So, while I am ecstatic to have our first Black governor, my eyes are not blind to the injustices we face on a daily basis. Even more, my hope is that with more Blacks in prominent positions like never before in Maryland, we will begin to see a long overdue adjustment of the allocation of state funds. We need our new cadre of Black politicians to keep up the pressure as demonstrated and asserted by those before them. We do not need weak leaders. We need fighters!
What we have been doing in the past is not remedying the situation for the masses of Black people. Sure, we have made some unprecedented political strides, however, the ultimate challenge is making government work for Black people.
As stated by Richard DeShay Elliott on today’s show, if politics does not translate into dollars for the development of the Black community in Maryland – then it is all for naught.
A shipload of legislation can direct dollars toward Black businesses, but only if the procurement officers of the various agencies are intentional about supporting Black businesses the same way white male and white women-owned businesses have been supported historically. The laws have been in place, but to date, the laws are not being enforced. Changes are not being made. Attitudes have remained the same.
ALICE TORRIENTE, VETERAN NATIONAL DEMOCRATIC OPERATIVE/WES MOORE VOLUNTEER
Alice Brailey Torriente, former Chair for Baltimore City Women for Obama and Campaign volunteer for Gov. Wes Moore, is absolutely thrilled about Gov. Moore.
When asked her thoughts, she replied, “To quote the singer Maxwell, ‘The ancestors must be happy.’ I totally concur.”
Torriente, who was an advisor and volunteer from the early days of the gubernatorial campaign, added, “The Inaugural Ball was a true multi-ethnic celebration of what Governor Wes Moore and Lt. Gov. Aruna Miller were able to project during his winning campaign. It was a serious party. My hope is that the support and good wishes continue as he takes on the innumerable tasks of governing our state. We all wish him success.”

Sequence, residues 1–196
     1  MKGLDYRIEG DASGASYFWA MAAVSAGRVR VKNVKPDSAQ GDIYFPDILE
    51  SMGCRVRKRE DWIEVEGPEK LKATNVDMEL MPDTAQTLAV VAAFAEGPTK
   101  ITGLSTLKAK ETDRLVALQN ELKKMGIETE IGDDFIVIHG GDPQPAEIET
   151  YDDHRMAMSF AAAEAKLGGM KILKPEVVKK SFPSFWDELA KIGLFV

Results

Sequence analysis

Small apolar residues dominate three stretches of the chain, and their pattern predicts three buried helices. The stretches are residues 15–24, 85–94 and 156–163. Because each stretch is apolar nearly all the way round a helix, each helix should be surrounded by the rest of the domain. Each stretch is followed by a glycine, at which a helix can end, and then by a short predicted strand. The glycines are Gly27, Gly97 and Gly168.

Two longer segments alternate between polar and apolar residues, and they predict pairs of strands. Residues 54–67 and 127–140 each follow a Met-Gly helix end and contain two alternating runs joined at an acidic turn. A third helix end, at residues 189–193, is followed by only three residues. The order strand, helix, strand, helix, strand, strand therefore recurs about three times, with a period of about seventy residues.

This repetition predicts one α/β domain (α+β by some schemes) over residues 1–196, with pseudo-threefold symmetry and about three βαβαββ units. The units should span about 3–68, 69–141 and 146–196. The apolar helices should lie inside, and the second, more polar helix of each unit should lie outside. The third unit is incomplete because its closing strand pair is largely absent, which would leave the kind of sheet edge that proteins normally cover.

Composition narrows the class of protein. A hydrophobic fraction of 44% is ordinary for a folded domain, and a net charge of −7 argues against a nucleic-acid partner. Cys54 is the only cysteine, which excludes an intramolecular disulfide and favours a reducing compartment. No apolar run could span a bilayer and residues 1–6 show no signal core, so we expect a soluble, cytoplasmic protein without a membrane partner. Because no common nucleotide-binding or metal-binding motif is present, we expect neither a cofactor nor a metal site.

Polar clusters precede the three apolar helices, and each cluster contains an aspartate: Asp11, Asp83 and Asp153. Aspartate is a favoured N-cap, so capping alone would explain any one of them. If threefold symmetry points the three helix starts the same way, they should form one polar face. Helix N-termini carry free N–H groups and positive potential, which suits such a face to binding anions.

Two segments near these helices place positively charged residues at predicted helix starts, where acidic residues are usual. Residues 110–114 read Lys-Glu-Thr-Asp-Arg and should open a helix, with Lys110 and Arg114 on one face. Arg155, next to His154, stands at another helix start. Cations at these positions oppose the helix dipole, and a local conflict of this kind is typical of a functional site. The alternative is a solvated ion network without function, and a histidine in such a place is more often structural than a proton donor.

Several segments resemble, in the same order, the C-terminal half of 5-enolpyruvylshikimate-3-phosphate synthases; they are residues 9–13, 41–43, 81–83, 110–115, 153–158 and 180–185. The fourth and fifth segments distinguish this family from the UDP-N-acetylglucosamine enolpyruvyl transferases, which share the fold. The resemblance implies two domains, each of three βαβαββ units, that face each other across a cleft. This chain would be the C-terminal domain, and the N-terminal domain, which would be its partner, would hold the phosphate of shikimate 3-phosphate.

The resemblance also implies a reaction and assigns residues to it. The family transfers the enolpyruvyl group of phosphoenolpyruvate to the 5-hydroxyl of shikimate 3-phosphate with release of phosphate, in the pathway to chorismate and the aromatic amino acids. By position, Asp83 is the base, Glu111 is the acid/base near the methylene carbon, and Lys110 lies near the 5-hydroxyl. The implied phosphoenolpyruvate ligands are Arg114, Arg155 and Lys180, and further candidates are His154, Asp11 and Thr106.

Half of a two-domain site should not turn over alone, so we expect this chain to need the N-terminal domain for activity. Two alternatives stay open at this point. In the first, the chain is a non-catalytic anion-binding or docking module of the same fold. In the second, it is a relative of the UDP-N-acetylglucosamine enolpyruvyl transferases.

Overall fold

Torriente, the daughter of the late state Senator Troy Brailey of the 40th district. A South Baltimore native, her family’s house saw every Black leader from Dr. Martin Luther King, Jr. to A. Philip Randolph to Jackie Robinson.
To say the least, she has been actively involved in more campaigns in Maryland than most and has a long memory of Black progress. She represents, though, a very strong network of Black women movers and shakers who you do not want to do battle against.
KENNY BROWN, NORTHWEST VOICE PUBLISHER
The Northwest Voice Newspaper publisher Kenny Brown is also a Wes Moore fan. And although he is seasoned, Brown made it to both the swearing-in in Annapolis as well as the Inaugural Ball in Baltimore.
Brown said that while the Annapolis Inauguration is historically on a bitterly cold day, the weather was perfect as Moore was sworn in as Governor of Maryland.
He said it was as if the heavens and ancestors were smiling on Maryland.
“It was a magnificent day,” said Brown, a noted political advisor who has helped many win political seats statewide and in Northwest Baltimore County. He continued, “For someone who has been here almost seven decades, some of us get to read about it, watch it on TV, but it’s always a pleasure to be there. I attended the Million Man March and the Obama Inauguration. Now, right here in our own state, I got to be a part of Wes Moore, the first Black governor. I’ve lived to see quite a few things, especially regarding us as a people.”
Brown also said, “I am hopeful. I’m not a pessimist. You gotta sometimes believe things will get better.”
When asked what we should expect, Brown replied, “My expectation? Here is a man who can take and view issues with – I’m hoping – similar eyes as myself who has gone through certain experiences and realizes that there’s always another way. There are other people involved, and hopefully, he takes us all into consideration in his vision.”